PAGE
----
Now that you’ve developed your personas and deconstructed user experiences, you’re close to fully capturing product functionality. The output of these first two phases becomes the starting point of the Journey Visualization process.The first two phases of capturing product functionality are about defining your users and imagining why and how they’ll use your product -- now it’s time to start bringing those experiences to life, a process that will continue until the product’s release.Journey Visualization is a well-defined, iterative effort that fully articulates the consumer journeys that you identified in the Experience Deconstruction phase. This final section of our guide to capturing product functionality will focus on explaining what Journey Visualization is, how it brings out the full potential of the ideas you’ve already laid out, and how your company can start using it before every launch.
A Journey Visualization takes your vision and converts it into wireframes and clickable experience prototypes, which will then be handed over to software engineers for production. It’s a structured process that functions as the bridge between strategy and development by serving as a sort of theoretical blueprint for the eventual real-life product. These “blueprints” give you a sense of what your idea will look and feel like in the hands of customers without expending all the resources on a full-blown product.The process leverages SME expertise, user research, industry best practices, and competitive analysis, which leads to the creation of clickable designs, future state user experience improvements, and epic-level user stories. That’s a pretty large number of factors to get right when you’re building a product that’s going to represent your company, which is why it’s so important that you go through as many iterations as you need to get it all right.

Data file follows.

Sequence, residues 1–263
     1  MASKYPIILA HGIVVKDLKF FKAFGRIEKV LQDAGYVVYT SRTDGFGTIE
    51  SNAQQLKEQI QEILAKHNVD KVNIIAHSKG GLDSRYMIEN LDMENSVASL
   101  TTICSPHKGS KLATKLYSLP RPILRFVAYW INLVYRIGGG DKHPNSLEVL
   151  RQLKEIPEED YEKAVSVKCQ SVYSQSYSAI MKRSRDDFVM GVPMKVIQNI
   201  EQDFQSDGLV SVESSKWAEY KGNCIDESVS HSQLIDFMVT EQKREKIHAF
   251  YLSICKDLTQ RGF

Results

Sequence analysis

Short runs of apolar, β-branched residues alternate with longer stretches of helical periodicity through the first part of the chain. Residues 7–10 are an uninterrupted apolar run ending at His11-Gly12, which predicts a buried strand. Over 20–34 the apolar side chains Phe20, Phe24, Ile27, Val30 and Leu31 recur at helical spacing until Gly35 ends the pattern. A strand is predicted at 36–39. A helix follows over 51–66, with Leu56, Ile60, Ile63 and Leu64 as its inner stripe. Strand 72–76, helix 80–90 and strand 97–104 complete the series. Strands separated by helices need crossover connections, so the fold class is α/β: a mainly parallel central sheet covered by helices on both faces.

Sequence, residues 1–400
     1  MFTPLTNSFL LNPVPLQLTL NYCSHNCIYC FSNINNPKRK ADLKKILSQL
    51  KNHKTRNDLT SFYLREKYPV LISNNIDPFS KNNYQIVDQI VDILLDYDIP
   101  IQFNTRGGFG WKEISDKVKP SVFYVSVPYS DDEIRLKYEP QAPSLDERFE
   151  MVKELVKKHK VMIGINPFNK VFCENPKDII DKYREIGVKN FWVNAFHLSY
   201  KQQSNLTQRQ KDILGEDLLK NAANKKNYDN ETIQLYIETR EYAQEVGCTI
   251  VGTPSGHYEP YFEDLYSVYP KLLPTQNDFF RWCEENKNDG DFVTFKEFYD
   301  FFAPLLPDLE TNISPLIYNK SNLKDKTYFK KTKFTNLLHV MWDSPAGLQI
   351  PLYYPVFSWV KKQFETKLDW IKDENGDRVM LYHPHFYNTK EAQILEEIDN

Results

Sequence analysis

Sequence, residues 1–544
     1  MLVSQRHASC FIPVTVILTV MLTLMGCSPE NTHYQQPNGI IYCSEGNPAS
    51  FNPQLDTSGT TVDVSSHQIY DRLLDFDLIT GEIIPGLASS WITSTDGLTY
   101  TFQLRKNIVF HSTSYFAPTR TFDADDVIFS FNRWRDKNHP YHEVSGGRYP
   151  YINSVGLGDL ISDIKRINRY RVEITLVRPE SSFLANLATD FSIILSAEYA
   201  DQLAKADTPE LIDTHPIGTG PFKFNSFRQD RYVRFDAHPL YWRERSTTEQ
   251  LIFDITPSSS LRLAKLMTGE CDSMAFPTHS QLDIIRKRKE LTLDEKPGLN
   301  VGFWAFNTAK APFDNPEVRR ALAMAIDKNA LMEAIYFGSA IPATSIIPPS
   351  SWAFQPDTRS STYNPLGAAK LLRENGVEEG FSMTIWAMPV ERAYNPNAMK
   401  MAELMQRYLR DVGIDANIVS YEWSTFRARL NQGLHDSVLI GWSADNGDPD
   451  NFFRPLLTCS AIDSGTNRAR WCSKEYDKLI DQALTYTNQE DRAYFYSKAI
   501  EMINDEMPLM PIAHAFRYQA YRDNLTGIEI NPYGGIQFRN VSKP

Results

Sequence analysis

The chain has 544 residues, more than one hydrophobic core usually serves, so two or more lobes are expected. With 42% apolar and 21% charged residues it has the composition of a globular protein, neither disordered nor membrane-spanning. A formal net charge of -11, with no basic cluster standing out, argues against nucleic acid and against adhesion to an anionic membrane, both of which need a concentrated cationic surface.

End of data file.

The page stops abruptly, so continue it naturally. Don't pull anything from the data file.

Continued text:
For these benefits to really start impacting your business, you’ll need to be thorough with each of your stakeholders and subject-matter experts about the potential benefits and problems of a given prototype. However, once you’ve gotten strong feedback from each important player in the process, you’ll have an exhaustive sense of how best to balance cost, capability, UX, and design.
For these procedures to work properly, you must be able rely on each team in your organization to act as a check and balance on the others, and for each member of a team to check the arguments and beliefs of the others. With that in mind, inflexible, waterfall-style hierarchies will only throw obstacles in your development process.